It is recommended to run this script having available a GPU, even a modest one, as running on CPU can take a long time.In the output obtained, right at the beginning, we see the structure of the model, which is a network with a series of Conv2D and MaxPooling2D layers followed by a Dense layer, then a Flatten, then a Dropout (to avoid overfitting) and finally a Dense; has with a total of 1658565 trainable weights.
Here is the structure of the network:
Model: "cnn_model"
_________________________________________________________________
Layer (type) Output Shape Param #
=================================================================
input_1 (InputLayer) [(None, 180, 180, 3)] 0
_________________________________________________________________
conv2d (Conv2D) (None, 178, 178, 32) 896
_________________________________________________________________
max_pooling2d (MaxPooling2D) (None, 89, 89, 32) 0
_________________________________________________________________
conv2d_1 (Conv2D) (None, 87, 87, 32) 9248
_________________________________________________________________
max_pooling2d_1 (MaxPooling2 (None, 43, 43, 32) 0
_________________________________________________________________
conv2d_2 (Conv2D) (None, 41, 41, 32) 9248
_________________________________________________________________
max_pooling2d_2 (MaxPooling2 (None, 20, 20, 32) 0
_________________________________________________________________
flatten (Flatten) (None, 12800) 0
_________________________________________________________________
dense (Dense) (None, 128) 1638528
_________________________________________________________________
dropout (Dropout) (None, 128) 0
_________________________________________________________________
dense_1 (Dense) (None, 5) 645
=================================================================
Total params: 1,658,565
Trainable params: 1,658,565
Nontrainable params: 0
_________________________________________________________________
This is followed by training the original model which consists of 15 epochs with batch size of 100 elements,
with optimizer Adams
and SparseCategoricalCrossentropy(from_logits=True)
as loss function.
Note: The error value shown in the output of the program however is not the value of the loss function obtained by comparing the test dataset with the prediction,
as it was for examples #1 and #2, but is the number of correctly classified images divided by the total number of images in the test dataset.The properties of this model (which we call the original model because it is not pruned) are visible in the output of the program:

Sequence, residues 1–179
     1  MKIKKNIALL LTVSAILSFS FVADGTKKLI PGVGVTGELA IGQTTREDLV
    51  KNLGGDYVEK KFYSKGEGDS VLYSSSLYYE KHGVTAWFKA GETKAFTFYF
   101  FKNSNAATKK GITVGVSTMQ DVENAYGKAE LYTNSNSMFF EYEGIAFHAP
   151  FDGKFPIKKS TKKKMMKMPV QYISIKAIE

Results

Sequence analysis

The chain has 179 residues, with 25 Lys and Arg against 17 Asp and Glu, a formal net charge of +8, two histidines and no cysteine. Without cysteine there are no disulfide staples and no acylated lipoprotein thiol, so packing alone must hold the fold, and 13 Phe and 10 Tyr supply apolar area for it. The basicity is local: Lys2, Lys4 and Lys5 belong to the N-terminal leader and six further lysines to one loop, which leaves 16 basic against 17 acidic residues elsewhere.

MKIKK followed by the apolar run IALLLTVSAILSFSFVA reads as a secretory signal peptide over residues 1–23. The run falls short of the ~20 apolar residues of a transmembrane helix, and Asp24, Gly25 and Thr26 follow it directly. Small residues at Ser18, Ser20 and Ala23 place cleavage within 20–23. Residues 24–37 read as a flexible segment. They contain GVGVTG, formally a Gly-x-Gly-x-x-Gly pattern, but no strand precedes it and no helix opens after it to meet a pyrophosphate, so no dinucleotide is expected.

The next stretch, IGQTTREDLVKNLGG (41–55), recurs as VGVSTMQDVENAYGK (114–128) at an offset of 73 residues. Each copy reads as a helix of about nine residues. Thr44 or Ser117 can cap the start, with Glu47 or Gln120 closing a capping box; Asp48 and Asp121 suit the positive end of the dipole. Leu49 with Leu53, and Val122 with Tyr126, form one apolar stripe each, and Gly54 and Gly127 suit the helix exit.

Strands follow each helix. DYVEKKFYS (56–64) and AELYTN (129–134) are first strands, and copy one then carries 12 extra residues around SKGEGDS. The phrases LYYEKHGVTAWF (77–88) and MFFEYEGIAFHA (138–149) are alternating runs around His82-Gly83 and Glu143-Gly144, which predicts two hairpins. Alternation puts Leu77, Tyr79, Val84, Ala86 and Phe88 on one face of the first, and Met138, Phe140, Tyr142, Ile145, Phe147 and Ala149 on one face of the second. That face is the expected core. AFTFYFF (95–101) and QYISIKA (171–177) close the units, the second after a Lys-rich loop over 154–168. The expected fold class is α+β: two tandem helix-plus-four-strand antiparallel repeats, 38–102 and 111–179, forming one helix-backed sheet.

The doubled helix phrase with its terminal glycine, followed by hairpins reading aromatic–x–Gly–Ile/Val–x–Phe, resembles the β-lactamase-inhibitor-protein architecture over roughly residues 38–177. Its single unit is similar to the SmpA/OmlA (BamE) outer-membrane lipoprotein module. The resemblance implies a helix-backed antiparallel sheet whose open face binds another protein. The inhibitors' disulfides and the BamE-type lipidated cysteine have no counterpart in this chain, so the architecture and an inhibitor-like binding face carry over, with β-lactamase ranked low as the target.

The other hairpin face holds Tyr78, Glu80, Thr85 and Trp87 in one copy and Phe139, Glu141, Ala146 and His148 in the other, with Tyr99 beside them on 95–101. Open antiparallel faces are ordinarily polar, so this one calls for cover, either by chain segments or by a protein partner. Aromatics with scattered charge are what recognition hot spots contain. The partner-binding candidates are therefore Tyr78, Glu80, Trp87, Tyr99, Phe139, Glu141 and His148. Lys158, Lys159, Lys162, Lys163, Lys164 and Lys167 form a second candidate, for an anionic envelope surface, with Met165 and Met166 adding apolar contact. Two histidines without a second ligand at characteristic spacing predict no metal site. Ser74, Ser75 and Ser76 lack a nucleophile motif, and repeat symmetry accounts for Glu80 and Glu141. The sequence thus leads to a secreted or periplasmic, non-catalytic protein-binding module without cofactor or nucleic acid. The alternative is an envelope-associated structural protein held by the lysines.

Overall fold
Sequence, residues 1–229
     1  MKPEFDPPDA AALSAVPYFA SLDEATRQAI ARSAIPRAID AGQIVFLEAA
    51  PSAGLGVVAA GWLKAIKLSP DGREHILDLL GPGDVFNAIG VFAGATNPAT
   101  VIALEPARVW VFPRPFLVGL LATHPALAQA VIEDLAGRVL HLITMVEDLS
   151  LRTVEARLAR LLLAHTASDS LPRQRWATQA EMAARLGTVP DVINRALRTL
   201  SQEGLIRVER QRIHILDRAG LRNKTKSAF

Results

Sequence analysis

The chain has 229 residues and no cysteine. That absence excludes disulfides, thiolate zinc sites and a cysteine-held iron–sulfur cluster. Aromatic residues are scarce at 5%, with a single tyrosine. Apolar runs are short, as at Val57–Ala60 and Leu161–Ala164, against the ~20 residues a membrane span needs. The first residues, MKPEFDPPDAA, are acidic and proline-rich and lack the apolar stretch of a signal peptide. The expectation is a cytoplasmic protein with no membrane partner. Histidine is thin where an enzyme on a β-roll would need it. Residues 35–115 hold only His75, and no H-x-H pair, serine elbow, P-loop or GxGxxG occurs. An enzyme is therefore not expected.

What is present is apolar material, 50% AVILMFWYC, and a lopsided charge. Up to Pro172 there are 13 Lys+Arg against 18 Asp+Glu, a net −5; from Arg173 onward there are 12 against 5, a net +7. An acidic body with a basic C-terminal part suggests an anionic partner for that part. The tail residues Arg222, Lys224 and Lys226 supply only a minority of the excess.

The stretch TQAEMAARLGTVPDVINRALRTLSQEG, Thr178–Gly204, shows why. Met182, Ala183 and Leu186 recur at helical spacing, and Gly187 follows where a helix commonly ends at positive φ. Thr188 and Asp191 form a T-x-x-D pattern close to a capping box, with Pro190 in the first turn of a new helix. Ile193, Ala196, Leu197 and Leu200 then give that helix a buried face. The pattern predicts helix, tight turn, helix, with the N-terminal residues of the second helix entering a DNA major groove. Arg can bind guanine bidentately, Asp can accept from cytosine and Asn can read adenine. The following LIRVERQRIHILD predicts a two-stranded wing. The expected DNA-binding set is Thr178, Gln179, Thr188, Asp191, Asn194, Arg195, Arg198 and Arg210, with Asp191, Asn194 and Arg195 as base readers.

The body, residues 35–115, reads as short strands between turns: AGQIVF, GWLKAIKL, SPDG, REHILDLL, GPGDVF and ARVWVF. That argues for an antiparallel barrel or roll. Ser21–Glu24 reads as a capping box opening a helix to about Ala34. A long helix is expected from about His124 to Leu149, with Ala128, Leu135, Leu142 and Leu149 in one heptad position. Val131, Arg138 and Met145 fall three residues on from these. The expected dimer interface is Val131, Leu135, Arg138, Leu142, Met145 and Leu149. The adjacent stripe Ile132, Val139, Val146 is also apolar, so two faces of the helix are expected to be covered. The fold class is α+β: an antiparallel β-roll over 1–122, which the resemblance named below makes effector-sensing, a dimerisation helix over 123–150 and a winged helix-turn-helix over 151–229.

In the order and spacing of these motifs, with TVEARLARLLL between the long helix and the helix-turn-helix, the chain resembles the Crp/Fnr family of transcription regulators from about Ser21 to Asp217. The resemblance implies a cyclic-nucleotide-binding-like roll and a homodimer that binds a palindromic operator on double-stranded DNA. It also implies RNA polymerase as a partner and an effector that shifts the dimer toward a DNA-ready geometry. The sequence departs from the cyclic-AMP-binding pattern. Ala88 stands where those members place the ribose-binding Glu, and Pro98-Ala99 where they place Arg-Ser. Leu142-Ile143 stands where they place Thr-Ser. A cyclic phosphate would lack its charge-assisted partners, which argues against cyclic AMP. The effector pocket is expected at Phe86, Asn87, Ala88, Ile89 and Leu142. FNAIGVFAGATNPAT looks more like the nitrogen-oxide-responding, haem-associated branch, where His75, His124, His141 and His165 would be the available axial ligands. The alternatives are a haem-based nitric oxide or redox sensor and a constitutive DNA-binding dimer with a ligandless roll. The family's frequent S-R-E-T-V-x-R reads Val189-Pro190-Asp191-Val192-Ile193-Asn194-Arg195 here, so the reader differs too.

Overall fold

Model: original (unpruned)
Total number of weights: 1658565
Total number of nonzero weights: 1658565
Total number of zero weights: 0
Unzipped h5 size: 6665816 bytes
Zipped h5 size: 6151486 bytes (compression factor: 7.72%)
Unzipped tflite size: 1669728 bytes
Zipped tflite size: 1358843 bytes (compression factor: 18.62%)
Error (loss) value: 3.950954E01
from which we see that the calculated error on the classification on the test dataset is $3.950954 \cdot 10^{1}$, no weight equal to zero as expected
because that model has not been pruned, the compression factor on the .h5 file is $7.72 \%$
while that on the .tflite file is $18.62 \%$.Then follows the execution of the search grid that performs 11 attempts of pruning application, 6 with
PolynomialDecay
variously initialized
and 5 with ConstantSparsity
variously initialized. As a sample, we show the result of one of the 11 attempts, precisely poly decay 40/50.
(however the results of all attempts are available in the standard output):Model: poly decay 40/50
Total number of weights: 1658565
Total number of nonzero weights: 829624
Total number of zero weights: 828941
Unzipped h5 size: 6665816 bytes
Zipped h5 size: 3859572 bytes (compression factor: 42.10%)
Unzipped tflite size: 1669728 bytes
Zipped tflite size: 978984 bytes (compression factor: 41.37%)
Error (loss) value: 4.087193E01
from which we can see that the error calculated on the test dataset is still close to that of the original model ($4.087193 \cdot 10^{1}$) even if a bit higher as expected
because the pruning reduces the quality of the model; the weights equal to zero are 828941 on 1658565 (so almost half), the compression factor on the .h5 file is $42.10 \%$
while that on the .tflite file is $41.37 \%$.When all attempts are finished, the example script shows the recap of all attempts; the first element of the recap is relative to the original model.
*** Final recap ***
Attempt name Size h5 (Comp. %) Error (loss)
original (unpruned) 6151486 ( 7.72%) 3.950954e01
poly decay 10/50 3781226 ( 43.27%) 4.223433e01
poly decay 20/50 3786548 ( 43.19%) 4.168937e01
poly decay 30/60 3238918 ( 51.41%) 4.523161e01
poly decay 30/70 2602091 ( 60.96%) 4.441417e01
poly decay 40/50 3859572 ( 42.10%) 4.087193e01
poly decay 10/90 1286371 ( 80.70%) 4.741144e01
const sparsity 0.1 5891419 ( 11.62%) 4.604905e01
const sparsity 0.4 4400747 ( 33.98%) 4.386921e01
const sparsity 0.5 3830963 ( 42.53%) 4.414169e01
const sparsity 0.6 3246370 ( 51.30%) 4.441417e01
const sparsity 0.9 1285383 ( 80.72%) 4.659401e01
from which it can be deduced that in principle, as the compression factor increases, the error calculated on the test dataset increases
and therefore the quality of the classification decreases.Note: Given the stochastic nature of the training phase, your specific results may vary. Consider running the example a few times.
Download of the complete code
The complete code is available at GitHub.
These materials are distributed under MIT license; feel free to use, share, fork and adapt these materials as you see fit.
Also please feel free to submit pullrequests and bugreports to this GitHub repository or contact me on my social media channels available on the top right corner of this page.